Speaking and Writing in the University: A Multidimensional Comparison



    1. Northern Arizona University Flagstaff, Arizona, United States
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    • Douglas Biber is a Regents' Professor in the Applied Linguistics Program at Northern Arizona University. His research interests have focused on register variation, grammar and discourse, and corpus linguistics. He has published books on these topics with Cambridge University Press (1988, 1995, 1998), Oxford University Press (1994), and Longman/Pearson (1999, 2001).


    1. Portland State University Portland, Oregon, United States
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    • Susan Conrad is an associate professor in the Department of Applied Linguistics at Portland State University. Her interests include English grammar, writing in the academic disciplines, and the application of corpus linguistic techniques within TESOL. Her most recent book (edited with Douglas Biber) is Variation in English: Multi-Dimensional Studies (Pearson Education).


    1. Northern Arizona University Flagstaff, Arizona, United States
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    • Randi Reppen teaches in Northern Arizona University's MA-TESL and PhD in applied linguistics programs and directs the university's Program in Intensive English. Her interests include corpus linguistics and materials development. She is a coauthor of Corpus Linguistics: Investigating Language Structure and Use (Cambridge University Press).


    1. Georgia State University Atlanta, Georgia, United States
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    • Patricia Byrd is a professor in the Department of Applied Linguistics and ESL at Georgia State University, where she teaches graduate courses in English grammar and materials design. Her publications include scholarly work on English grammar and Web-based instruction along with ESL textbooks focused on grammar and academic writing.


    1. California State University Sacramento, California, United States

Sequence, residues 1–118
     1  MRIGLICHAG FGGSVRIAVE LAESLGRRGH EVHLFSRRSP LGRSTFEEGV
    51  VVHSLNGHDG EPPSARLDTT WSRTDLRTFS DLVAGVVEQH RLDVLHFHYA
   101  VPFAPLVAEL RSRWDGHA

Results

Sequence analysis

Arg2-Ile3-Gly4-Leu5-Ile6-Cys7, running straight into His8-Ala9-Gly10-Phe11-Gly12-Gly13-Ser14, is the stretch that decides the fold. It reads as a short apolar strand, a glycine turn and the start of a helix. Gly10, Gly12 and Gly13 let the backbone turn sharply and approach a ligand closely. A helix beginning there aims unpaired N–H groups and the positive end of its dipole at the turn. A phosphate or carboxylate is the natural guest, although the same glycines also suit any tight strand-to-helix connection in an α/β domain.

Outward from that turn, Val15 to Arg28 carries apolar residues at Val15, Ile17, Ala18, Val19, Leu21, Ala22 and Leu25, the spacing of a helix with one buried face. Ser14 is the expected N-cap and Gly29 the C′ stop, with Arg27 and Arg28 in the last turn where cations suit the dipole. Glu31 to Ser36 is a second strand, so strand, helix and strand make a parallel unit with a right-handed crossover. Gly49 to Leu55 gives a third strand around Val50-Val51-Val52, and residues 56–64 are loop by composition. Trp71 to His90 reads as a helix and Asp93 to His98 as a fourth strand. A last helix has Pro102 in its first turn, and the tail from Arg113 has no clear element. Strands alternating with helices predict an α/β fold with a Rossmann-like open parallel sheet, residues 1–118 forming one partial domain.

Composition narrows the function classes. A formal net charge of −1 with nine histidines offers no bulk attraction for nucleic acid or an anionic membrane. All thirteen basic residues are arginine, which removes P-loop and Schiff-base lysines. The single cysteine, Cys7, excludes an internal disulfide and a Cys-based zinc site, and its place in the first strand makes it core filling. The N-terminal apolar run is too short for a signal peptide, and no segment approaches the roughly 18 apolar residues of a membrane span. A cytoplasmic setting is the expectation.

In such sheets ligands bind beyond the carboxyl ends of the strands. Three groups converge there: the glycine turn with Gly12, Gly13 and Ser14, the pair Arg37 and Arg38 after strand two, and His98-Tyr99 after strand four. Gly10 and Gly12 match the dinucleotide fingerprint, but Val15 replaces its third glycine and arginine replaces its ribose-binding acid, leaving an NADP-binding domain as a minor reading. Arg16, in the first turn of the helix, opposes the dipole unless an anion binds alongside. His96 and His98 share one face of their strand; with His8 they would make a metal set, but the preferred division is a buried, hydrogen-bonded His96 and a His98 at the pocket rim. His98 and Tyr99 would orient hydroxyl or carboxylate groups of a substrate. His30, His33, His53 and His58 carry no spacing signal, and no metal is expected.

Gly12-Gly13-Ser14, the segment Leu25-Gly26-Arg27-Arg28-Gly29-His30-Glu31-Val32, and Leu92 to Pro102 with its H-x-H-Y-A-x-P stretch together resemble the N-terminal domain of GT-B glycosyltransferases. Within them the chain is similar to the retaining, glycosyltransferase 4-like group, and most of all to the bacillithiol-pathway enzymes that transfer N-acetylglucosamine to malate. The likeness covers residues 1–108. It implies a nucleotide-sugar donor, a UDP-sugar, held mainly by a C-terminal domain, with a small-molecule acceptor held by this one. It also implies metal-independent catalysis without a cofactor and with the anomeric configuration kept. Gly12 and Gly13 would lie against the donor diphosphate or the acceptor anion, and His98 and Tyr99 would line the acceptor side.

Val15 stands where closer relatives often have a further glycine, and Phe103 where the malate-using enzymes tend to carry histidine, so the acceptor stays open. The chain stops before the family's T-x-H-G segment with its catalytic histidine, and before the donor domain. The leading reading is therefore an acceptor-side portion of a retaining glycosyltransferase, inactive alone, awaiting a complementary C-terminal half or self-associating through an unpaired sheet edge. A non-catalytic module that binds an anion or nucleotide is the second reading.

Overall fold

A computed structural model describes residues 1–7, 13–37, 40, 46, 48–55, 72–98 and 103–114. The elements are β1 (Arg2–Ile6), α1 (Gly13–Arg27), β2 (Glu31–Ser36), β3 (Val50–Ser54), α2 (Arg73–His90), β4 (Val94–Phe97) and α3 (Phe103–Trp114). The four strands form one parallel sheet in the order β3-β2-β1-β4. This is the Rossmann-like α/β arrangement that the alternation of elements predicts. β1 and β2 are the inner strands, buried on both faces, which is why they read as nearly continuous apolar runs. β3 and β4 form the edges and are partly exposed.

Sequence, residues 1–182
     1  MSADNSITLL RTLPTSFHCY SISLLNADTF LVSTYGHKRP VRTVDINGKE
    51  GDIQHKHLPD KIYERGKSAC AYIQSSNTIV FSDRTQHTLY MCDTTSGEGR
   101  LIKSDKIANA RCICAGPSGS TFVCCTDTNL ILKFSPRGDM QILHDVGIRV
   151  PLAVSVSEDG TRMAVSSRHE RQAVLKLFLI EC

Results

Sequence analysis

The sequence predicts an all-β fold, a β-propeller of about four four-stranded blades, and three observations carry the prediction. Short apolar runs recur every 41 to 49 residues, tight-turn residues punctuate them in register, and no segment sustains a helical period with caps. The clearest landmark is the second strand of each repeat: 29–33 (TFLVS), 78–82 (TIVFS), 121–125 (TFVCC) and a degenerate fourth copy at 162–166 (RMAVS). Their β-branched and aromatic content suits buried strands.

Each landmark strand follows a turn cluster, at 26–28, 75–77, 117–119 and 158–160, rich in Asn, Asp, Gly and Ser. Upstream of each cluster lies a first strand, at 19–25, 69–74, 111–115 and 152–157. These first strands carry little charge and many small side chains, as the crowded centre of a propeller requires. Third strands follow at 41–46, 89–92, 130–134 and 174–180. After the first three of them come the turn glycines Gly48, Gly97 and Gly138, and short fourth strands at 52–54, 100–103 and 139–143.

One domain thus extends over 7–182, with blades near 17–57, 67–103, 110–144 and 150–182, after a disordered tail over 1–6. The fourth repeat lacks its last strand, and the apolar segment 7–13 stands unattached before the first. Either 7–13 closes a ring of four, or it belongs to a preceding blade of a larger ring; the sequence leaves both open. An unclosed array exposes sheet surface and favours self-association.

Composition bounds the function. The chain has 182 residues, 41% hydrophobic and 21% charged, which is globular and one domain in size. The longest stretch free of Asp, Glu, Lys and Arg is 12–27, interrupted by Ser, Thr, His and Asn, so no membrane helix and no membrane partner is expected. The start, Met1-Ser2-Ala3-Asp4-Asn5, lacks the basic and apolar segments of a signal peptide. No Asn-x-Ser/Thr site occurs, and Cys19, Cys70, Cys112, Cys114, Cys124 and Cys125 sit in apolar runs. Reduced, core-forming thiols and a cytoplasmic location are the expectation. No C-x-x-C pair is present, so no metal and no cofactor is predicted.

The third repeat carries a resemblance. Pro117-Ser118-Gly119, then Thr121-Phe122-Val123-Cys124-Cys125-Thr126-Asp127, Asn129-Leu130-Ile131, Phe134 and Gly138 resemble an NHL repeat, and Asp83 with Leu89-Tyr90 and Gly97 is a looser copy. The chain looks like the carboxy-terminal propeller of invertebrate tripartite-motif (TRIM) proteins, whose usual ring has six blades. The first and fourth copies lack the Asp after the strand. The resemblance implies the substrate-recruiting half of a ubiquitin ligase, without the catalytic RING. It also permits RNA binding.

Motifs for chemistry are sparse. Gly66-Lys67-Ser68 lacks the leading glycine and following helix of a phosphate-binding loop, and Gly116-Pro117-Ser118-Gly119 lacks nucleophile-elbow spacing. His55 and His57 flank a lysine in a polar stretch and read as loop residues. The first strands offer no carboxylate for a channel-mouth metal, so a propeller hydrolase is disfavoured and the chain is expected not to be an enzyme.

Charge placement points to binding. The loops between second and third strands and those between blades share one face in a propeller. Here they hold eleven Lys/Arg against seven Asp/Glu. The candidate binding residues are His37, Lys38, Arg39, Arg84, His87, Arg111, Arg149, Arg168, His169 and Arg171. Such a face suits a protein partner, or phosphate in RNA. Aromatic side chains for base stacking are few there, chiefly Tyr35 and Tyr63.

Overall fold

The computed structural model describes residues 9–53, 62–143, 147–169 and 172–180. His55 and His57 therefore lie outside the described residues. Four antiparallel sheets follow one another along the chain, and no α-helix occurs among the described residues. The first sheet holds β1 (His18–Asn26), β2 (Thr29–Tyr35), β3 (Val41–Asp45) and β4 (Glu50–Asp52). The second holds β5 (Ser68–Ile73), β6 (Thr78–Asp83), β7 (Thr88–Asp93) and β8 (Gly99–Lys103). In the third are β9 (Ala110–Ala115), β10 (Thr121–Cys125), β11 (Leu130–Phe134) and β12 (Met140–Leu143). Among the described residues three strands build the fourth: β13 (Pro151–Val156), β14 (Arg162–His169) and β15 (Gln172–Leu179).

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    • Marie Helt is an assistant professor of applied linguistics at California State University, Sacramento, where she coordinates the graduate TESOL program. Her research interests are in corpus linguistics and applied sociolinguistics, and she is involved in the American Egyptian Master Teacher Exchange Program through the U.S. Agency for International Development.


The dozens of studies on academic discourse carried out over the past 20 years have mostly focused on written academic prose (usually the technical research article in science or medicine) or on academic lectures. Other registers that may be more important for students adjusting to university life, such as textbooks, have received surprisingly little attention, and spoken registers such as study groups or on-campus service encounters have been virtually ignored. To explain more fully the nature of the tasks that incoming international students encounter, this article undertakes a comprehensive linguistic description of the range of spoken and written registers at U.S. universities. Specifically, the article describes a multidimensional analysis of register variation in the TOEFL 2000 Spoken and Written Academic Language Corpus. The analysis shows that spoken registers are fundamentally different from written ones in university contexts, regardless of purpose. Some of the register characterizations are particularly surprising. For example, classroom teaching was similar to the conversational registers in many respects, and departmental brochures and Web pages were as informationally dense as textbooks. The article discusses the implications of these findings for pedagogy and future research.